Financing your project
Type of work
A heavy renovation or refurbishment of an existing property will usually involve more work such as rebuilding external walls, adding an extension or modifying structural internal walls. It can also involve large scale plumbing and electrical work such as adding or relocating a bathroom or a complete rewire of the property.
At the top of the scale is a ground up development, starting with just a piece of land, a recently demolished building, or an old property that is merely a shell with only the masonry intact. Definitions of work vary somewhat; one developer’s light refurb might be another’s major project, so it’s important to be clear as to what you want to achieve and what work this will involve. Professionals such as architects can help you translate your vision into a practical project.
Types of loan
When it comes to carrying out building work or renovations, you’ll need development finance. This is intended to finance building costs over a relatively short period - usually between three months and two years - but it can often be converted into a mortgage at a later date.
You may find that lenders will be willing to finance a proportion of the purchase price and a proportion of the build, so you would only need to find a part of the costs yourself.
How much can you borrow?
Development finance lenders usually allow for the loan to be drawn down in stages as the project progresses. It’s also the case that the developer’s own contribution will be the first to be used with the loan kicking in afterwards. The drawdown of loan funds will usually be on the basis of completion certificates provided by the project architects.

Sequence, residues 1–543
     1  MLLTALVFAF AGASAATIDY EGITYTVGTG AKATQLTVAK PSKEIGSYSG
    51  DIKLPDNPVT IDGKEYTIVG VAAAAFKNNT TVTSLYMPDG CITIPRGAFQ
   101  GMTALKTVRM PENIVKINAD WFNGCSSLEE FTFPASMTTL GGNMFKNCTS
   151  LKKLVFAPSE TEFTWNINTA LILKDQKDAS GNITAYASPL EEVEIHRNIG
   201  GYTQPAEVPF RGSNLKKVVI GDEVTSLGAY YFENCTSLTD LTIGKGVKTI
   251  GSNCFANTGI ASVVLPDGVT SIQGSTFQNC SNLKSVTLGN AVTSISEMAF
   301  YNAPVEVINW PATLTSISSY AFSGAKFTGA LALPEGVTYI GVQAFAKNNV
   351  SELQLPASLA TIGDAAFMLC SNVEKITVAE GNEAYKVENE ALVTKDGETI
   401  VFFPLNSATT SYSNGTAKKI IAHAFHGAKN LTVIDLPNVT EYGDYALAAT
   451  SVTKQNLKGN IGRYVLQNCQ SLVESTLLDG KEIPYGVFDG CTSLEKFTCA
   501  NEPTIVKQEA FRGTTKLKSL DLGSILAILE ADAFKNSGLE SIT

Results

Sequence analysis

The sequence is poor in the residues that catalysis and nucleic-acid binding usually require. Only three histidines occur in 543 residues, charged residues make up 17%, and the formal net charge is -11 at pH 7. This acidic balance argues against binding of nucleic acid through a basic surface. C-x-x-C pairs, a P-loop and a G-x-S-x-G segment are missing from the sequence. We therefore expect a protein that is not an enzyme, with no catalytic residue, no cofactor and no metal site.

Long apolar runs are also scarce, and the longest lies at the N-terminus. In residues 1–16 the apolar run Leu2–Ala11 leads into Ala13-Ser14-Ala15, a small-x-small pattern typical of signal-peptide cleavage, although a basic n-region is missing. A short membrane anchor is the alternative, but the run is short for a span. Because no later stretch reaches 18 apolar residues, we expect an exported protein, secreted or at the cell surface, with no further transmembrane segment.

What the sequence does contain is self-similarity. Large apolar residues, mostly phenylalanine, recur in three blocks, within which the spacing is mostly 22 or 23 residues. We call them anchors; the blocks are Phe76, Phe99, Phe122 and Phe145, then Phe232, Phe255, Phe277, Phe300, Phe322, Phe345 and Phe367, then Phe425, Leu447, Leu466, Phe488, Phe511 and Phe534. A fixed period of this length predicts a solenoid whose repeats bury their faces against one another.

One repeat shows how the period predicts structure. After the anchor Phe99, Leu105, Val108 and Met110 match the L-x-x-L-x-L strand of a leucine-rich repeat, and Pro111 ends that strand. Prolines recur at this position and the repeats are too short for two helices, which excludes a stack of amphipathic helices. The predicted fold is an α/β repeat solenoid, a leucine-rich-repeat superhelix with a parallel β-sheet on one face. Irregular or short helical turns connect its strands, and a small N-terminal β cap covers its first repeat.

As an example of how this might work, a development with a GDV of £4 million might cost £1.5 million for land and another £1.5 million for development, making a total of £3 million. A lender, therefore, might be willing to lend £2.25 million in total which is 75 per cent of the development cost.
Where the developer already owns the land outright, it can be possible to get a property development mortgage for 100 per cent of the development costs.
Length of loan
It can be possible to roll the interest payments up in the loan. This means that no repayments are necessary during the loan term; you simply repay the whole lot at the end.
Before you start to look for developer finance it’s a good idea to have the project in place with planning permissions agreed so that you are prepared to commence quickly once the loan is agreed. This reduces the risk that you will be paying interest on a loan before the project has commenced.
We will do our best to match you with the right lender for your project. In order to do so there are some key pieces of information it’s useful for you to have to hand before you contact us:
- What is the total cost of the project?
- How is this split between purchase and development?
- What is the estimated GDV on completion?
- How soon do you need the loan?
- How long do you need it for?
- Do you already own the site or property?
- What planning permission do you need / do you have it already?
- Has building work already commenced?
- How long is the work going to take?
- Do you have previous property development experience?
Because we play by the book we want to tell you that...
Your home may be repossessed if you do not keep up repayments on your mortgage.
There may be a fee for mortgage advice. The actual amount you pay will depend upon your circumstances. The fee is up to 1.5%, but a typical fee is 0.3% of the amount borrowed.